Father`s diet may affect offspring`s health
Toronto: You are what your father eats!
Scientists have found for the first time that father's diet before conception plays an important role in the health and development of their offspring.
Insufficient folate in the father's diet increased the risk of birth defects of various kinds in the offspring in mice studies, researchers found.
It is well known that in order to prevent miscarriages and birth defects mothers need to get adequate amounts of folate or vitamin B9 - which is found in a range of green leafy vegetables, cereals, fruit and meats - in their diet.
But the way that a father's diet can influence the health and development of their offspring has received almost no attention.
The research from McGill University in Canada showed for the first time that the father's folate levels may be just as important to the development and health of their offspring as are those of the mother.
The study suggests that fathers should pay as much attention to their lifestyle and diet before they set out to conceive a child as mothers do.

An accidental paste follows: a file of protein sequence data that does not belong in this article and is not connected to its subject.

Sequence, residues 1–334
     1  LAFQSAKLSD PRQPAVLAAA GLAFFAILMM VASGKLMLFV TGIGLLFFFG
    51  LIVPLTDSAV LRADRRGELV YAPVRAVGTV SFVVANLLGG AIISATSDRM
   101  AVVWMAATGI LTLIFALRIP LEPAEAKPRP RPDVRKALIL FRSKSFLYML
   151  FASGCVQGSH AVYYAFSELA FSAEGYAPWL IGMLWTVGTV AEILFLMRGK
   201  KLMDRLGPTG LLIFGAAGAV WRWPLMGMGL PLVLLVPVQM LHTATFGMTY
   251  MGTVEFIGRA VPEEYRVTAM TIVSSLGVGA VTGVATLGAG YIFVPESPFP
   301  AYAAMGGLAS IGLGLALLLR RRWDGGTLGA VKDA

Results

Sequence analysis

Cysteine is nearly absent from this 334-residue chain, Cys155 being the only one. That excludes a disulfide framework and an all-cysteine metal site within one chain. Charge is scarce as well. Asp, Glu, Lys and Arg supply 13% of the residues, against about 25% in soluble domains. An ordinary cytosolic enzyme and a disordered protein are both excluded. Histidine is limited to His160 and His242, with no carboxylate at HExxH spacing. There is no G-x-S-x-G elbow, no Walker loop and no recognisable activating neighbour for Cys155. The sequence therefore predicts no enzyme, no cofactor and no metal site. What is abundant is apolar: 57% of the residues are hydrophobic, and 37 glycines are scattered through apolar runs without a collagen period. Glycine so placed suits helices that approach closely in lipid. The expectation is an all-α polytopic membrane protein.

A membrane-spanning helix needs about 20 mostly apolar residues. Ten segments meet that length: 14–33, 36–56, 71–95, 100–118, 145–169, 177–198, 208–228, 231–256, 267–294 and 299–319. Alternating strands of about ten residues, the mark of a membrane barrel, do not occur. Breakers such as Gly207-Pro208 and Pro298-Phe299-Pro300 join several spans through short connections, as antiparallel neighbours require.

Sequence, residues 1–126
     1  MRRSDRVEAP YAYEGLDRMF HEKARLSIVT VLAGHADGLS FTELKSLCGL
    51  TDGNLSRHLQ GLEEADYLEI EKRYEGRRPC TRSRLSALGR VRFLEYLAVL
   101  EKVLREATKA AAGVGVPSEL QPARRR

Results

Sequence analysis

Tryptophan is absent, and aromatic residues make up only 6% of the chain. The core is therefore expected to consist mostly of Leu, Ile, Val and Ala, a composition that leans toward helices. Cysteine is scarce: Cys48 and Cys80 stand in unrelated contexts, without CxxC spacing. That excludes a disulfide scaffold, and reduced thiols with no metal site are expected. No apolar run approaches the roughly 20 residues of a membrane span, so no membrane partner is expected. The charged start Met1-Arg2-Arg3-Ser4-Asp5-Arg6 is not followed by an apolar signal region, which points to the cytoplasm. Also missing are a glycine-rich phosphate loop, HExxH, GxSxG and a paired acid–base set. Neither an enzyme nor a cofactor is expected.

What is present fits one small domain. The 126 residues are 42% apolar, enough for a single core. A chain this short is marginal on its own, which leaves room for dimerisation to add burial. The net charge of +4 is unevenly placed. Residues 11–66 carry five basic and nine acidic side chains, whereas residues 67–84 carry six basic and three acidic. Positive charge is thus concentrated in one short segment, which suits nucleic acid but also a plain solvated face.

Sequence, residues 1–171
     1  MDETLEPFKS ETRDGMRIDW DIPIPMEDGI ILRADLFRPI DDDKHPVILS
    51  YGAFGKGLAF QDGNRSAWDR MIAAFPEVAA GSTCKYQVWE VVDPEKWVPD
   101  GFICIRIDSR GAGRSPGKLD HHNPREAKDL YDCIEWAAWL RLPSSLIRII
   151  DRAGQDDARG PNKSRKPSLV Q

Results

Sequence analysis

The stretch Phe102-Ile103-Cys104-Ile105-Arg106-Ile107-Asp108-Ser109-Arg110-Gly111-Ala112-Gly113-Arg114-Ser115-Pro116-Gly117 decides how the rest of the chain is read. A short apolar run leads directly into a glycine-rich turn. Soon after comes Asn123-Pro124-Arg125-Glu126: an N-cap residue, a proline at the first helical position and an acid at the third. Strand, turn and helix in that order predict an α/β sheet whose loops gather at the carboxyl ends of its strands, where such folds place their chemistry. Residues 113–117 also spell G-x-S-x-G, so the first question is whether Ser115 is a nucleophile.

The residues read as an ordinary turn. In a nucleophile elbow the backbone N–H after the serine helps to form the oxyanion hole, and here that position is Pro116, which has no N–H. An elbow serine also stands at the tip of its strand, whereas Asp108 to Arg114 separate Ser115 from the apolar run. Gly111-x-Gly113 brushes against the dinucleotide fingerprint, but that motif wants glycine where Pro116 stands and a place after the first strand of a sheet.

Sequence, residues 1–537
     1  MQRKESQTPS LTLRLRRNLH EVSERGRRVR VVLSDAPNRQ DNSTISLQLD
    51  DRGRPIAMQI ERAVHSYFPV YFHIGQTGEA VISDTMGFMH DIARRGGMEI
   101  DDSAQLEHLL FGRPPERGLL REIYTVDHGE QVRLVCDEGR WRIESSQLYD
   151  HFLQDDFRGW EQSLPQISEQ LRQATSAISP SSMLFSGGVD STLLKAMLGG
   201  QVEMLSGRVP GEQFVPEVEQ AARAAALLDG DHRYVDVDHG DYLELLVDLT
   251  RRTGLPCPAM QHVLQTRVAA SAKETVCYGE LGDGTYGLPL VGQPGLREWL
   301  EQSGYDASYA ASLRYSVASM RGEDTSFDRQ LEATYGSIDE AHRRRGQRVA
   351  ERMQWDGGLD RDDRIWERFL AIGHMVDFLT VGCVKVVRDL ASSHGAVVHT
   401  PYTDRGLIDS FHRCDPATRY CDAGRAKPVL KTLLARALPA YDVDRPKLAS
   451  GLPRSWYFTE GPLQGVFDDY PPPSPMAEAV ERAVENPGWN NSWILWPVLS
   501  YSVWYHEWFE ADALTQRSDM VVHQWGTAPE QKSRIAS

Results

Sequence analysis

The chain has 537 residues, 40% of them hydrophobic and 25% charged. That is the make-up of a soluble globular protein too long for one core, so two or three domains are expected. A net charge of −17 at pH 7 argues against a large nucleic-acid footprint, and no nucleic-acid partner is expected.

"Despite the fact that folic acid is now added to a variety of foods, fathers who are eating high-fat, fast food diets or who are obese may not be able to use or metabolise folate in the same way as those with adequate levels of the vitamin," said researcher Sarah Kimmins.
"People who live in the Canadian North or in other parts of the world where there is food insecurity may also be particularly at risk for folate deficiency.
"And we now know that this information will be passed on from the father to the embryo with consequences that may be quite serious," Kimmins said.
The researchers arrived at this conclusion by working with mice, and comparing the offspring of fathers with insufficient folate in their diets with the offspring of fathers whose diets contained sufficient levels of the vitamin.
They found that paternal folate deficiency was associated with an increase in birth defects of various kinds in the offspring, compared to the offspring of mice whose fathers were fed a diet with sufficient folate.
"We were very surprised to see that there was an almost 30 per cent increase in birth defects in the litters sired by fathers whose levels of folates were insufficient," said Dr Romain Lambrot, of McGill's Department of Animal Science, one of the researchers who worked on the study.
"We saw some pretty severe skeletal abnormalities that included both cranio-facial and spinal deformities," Lambrot said.